Tools and Resources
Diabetes remains one of Mississippi’s fastest-growing and most costly diseases. Mississippi has the third highest rate of diabetes at 13.6% in the country. According to the CDC, 30.3 million Americans have diabetes and another 84 million have prediabetes. Diabetes is the seventh leading cause of death in the United States, costing $245 billion in medical expenses and lost productivity annually.
According to the Centers for Disease Control and Prevention (CDC), more than 1 out of 3 U.S. adults—or nearly 84 million—have prediabetes, and of those, 90 percent don’t know they have it. Fortunately, prediabetes can be reversed, and the sooner patients find out they have prediabetes, the better their chances of preventing the onset of type 2 diabetes. The National Diabetes Prevention Program is a Centers for Disease Control and Prevention (CDC)-recognized evidence-based lifestyle change program for persons with prediabetes that has been demonstrated to prevent or delay the development of diabetes.
The Mississippi State Medical Association (MSMA) has partnered with the American Medical Association (AMA), with guidance and support from the National Association of Chronic Disease Directors (NACDD), to raise awareness of prediabetes resources, help providers connect their patients to CDC-recognized Diabetes Prevention Programs, and allow patients to take charge of their health.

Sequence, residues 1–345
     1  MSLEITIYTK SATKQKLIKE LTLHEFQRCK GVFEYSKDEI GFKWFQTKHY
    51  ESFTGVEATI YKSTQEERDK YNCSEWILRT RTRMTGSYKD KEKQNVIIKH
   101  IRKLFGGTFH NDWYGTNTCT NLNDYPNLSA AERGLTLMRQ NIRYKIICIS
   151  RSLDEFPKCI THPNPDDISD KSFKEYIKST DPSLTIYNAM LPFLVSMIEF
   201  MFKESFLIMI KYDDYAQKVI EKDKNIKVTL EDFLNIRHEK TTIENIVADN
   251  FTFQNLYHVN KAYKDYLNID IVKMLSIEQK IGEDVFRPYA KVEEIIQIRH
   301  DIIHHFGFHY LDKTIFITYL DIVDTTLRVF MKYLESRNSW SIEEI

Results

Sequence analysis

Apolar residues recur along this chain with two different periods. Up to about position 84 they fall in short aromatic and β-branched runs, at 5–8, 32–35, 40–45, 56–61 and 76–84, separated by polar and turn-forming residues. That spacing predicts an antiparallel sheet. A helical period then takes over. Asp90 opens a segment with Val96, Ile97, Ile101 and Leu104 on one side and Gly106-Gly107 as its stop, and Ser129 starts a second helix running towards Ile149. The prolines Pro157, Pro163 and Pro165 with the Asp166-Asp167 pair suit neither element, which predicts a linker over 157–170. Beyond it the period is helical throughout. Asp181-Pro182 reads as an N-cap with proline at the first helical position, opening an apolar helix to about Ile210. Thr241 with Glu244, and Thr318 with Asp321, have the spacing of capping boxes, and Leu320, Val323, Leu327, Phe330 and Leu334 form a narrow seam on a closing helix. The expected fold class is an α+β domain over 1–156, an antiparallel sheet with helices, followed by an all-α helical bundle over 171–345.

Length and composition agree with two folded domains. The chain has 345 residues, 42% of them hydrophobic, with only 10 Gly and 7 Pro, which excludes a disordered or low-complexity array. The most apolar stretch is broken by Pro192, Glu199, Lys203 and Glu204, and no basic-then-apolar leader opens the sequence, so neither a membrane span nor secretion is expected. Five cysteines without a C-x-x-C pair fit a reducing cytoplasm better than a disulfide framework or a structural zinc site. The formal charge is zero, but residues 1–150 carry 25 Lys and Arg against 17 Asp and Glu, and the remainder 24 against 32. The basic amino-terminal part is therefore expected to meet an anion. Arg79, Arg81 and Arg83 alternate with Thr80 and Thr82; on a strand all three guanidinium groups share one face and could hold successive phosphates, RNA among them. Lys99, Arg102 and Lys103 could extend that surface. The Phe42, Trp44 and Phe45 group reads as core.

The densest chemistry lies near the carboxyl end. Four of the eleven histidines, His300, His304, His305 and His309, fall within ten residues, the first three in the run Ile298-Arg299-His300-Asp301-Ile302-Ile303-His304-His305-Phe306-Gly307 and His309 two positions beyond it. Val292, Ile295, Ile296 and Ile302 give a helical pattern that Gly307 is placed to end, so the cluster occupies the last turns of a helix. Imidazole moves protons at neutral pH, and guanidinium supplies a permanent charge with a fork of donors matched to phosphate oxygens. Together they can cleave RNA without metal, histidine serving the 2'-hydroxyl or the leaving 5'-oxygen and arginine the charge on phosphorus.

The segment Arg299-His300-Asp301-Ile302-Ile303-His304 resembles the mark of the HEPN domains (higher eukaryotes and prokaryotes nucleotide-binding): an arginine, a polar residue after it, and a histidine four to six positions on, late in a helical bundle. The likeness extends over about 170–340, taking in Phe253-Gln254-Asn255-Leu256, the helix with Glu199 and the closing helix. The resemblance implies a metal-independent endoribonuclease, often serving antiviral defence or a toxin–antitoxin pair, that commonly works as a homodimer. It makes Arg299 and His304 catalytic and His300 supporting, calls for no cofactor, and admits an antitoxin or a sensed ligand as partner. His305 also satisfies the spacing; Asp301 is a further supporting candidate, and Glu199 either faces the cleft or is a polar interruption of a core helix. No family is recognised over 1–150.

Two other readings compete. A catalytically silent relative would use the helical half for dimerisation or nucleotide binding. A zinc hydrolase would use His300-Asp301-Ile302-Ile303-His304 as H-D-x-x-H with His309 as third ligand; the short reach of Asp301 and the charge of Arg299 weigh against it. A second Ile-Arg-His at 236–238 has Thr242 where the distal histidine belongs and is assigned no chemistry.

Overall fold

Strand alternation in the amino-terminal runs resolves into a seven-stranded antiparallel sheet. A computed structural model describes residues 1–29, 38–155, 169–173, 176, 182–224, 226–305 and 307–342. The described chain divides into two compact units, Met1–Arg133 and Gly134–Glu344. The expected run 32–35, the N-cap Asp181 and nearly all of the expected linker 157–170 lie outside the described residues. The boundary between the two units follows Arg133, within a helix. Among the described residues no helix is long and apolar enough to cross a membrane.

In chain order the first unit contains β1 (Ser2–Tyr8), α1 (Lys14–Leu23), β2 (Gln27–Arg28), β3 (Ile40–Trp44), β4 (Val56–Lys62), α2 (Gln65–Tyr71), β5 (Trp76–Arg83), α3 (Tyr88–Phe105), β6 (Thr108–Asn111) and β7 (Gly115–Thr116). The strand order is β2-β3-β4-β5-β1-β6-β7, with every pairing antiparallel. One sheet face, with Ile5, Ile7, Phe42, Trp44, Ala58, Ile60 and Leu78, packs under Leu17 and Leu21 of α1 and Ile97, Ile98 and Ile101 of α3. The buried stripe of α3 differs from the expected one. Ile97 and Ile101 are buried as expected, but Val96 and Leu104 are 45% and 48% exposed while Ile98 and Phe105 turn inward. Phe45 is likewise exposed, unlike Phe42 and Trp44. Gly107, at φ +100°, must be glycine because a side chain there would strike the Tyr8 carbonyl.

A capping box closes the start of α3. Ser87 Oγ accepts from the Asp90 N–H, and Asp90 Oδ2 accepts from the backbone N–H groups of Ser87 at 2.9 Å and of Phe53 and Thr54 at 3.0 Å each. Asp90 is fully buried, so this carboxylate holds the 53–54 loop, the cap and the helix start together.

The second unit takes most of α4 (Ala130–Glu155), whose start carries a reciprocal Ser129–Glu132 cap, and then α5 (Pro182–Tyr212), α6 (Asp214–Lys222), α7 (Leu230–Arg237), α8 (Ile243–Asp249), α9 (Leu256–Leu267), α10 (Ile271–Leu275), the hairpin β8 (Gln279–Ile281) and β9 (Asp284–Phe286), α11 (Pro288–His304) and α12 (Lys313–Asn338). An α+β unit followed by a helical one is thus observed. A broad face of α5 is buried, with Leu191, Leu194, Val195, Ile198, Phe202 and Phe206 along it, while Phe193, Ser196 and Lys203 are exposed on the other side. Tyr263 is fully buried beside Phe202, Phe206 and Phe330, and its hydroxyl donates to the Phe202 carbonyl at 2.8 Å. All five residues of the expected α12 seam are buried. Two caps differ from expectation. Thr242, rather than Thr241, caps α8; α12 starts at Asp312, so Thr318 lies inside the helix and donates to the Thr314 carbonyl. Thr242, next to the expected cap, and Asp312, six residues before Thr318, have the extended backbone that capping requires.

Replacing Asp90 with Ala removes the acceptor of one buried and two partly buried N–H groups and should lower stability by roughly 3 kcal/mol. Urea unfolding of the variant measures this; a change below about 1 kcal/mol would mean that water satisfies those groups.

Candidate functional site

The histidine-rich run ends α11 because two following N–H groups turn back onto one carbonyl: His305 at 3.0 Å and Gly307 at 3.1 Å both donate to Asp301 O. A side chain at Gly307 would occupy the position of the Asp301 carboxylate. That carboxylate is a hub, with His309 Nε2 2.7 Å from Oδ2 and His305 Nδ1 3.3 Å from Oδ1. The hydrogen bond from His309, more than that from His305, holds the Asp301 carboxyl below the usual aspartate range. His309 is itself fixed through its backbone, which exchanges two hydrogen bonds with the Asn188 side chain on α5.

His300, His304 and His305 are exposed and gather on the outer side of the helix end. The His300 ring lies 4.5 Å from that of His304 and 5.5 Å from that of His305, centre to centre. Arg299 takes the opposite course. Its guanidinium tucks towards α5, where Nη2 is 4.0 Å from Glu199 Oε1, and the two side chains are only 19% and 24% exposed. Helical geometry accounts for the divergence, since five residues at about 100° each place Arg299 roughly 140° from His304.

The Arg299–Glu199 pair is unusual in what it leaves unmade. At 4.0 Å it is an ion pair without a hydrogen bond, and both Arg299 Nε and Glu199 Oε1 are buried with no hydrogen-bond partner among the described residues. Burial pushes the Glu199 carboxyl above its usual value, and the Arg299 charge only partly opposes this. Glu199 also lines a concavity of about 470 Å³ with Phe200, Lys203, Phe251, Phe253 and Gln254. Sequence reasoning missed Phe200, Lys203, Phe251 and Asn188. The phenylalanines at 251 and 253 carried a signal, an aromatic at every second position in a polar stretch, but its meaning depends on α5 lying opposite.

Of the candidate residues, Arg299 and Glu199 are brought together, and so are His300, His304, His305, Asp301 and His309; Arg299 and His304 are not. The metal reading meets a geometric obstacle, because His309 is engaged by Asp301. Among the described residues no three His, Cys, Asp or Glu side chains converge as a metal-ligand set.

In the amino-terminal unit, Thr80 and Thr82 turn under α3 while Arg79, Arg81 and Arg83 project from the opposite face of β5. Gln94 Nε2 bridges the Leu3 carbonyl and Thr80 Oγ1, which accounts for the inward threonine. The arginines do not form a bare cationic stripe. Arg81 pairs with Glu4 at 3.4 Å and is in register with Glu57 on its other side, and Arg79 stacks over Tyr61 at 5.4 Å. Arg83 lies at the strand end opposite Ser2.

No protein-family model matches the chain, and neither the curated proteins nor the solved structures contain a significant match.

AMA and the CDC have created Prevent Diabetes STAT (Screen / Test / Act Today), a toolkit to help health care providers identify, engage and test patients at risk for prediabetes and refer patients with prediabetes to CDC Recognized Diabetes Prevention Programs. CDC-recognized diabetes prevention lifestyle change programs connect patients who are at risk for Type 2 diabetes with trained lifestyle coaches and group support to make long-term commitments to eating healthier, reducing stress and getting more physical activity to achieve lasting results. More information on AMA’s Prevent Diabetes STAT, including a download of the complete toolkit, may be found here.
Click here to find a CDC-Recognized Diabetes Prevention Program near you.